Undoubtedly, you are still enjoying the many highlights that this time of year brings, but as the glory days of summer begin to wane, no worries! We’ve got some exciting events scheduled for you and they’re coming up right around the corner. Mark your calendars for these informative trade shows that you won’t want to miss! First up, Perma-Liner Industries is pleased to announce we’ll be in Milwaukee on September 12-13th for the WEQ Fair. This is the place to be to gain a world of knowledge about the trenchless pipelining Industry and the equipment Perma-Liner Industries manufactures. You can expect to see our live demonstrations in the comfortable outdoor setting of the Wisconsin State Fair Park. This Wastewater Equipment Fair will have an assortment of commercial, industrial and municipal gear to become familiarized with and you’ll be intrigued to learn about the many systems used for sewer cleaning and rehabilitations.
Interesting fact: did you know the Milwaukee Mile is a one-mile long oval race track located at Wisconsin State Fair Park? It’s the oldest operating motor speedway in the world.
Next up! WEFTEC. Folks, this is the super bowl of trade shows. Not to be missed, and acclaimed as the largest annual water quality exhibition in the world. Also known for the most comprehensive show floor, this conference provides an unparalleled bird’s- eye view to the most cutting-edge technologies in the field. This is an event that will give you the chance to network with associates in the industry or just learn much more about the field of technology and water quality, treatments, equipment, and services. We’ll have our representatives there to answer questions, perform live demonstrations and provide resources to further your knowledge of the trenchless pipelining industry. Here’s the info to mark your calendars: The 89th Technical Exhibition and Conference is being held on Sept. 24- 28th at the New Orleans Morial Convention Center.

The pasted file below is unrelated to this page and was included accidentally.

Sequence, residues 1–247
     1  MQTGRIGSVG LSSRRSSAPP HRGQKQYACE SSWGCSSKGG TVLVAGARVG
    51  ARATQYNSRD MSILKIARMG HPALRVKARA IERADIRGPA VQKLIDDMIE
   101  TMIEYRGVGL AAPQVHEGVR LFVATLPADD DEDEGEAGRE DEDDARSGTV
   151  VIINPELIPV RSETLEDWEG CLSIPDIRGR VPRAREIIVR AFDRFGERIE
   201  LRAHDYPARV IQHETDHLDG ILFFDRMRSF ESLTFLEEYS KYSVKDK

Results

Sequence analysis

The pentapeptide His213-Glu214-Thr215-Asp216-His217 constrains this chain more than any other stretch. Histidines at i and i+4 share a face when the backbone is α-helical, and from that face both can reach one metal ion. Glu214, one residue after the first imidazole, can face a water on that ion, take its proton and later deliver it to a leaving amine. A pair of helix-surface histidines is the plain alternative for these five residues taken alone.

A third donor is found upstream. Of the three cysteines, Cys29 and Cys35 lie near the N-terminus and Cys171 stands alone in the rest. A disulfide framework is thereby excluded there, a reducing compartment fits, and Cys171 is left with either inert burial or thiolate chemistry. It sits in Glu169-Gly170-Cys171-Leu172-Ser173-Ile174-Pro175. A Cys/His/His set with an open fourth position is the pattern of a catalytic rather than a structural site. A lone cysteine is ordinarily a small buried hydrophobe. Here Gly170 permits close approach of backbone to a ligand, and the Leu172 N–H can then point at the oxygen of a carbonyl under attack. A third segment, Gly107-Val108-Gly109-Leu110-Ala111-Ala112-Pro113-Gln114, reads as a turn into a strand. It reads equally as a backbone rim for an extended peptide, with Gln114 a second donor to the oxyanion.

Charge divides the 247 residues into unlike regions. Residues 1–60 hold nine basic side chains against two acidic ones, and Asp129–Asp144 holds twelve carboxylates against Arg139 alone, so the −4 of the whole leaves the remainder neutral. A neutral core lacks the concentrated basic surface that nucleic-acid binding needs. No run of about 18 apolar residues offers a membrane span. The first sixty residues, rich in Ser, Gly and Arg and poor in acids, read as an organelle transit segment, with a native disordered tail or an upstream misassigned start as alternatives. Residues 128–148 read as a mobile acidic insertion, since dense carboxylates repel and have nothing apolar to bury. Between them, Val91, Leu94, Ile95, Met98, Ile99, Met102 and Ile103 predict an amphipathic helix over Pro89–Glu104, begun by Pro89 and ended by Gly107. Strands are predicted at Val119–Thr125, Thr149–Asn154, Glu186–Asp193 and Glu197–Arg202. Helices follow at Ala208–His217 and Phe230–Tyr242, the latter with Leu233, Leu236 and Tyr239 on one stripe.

Interesting fact: The Convention Center has 1.1 million square feet of contiguous exhibit space and is the sixth largest convention facility in the nation.
Stay tuned… we’ll have more information (on even more events) on deck, coming up soon! Looking forward to see you there.
Peaceful Valley Lake is a residential Missouri neighborhood known for being a quiet getaway for tourists and an agreeable location to reside. Along with the calm nature of the town, the lake community is aiming to bring down ammonia levels discharged from the community’s lagoon. The completion for this task could take up to a year and a half. Property owners have been working to resolve lagoon discharge issues over the recent years. The city is currently reviewing potential strategies to fund the needed updates, as well as, working to map the lines and identify problems through smoke testing. The process for testing the sewer lines includes setting up a gas powered blower over manholes, blowing smoke into the branch (line) and determining whether there is smoke coming out of the ground. Nearly 100 manholes and 36,000 feet of sewer mains have been located. Additionally, volunteers will be doing some brush clearing in the next few weeks in an effort to find the remaining lines.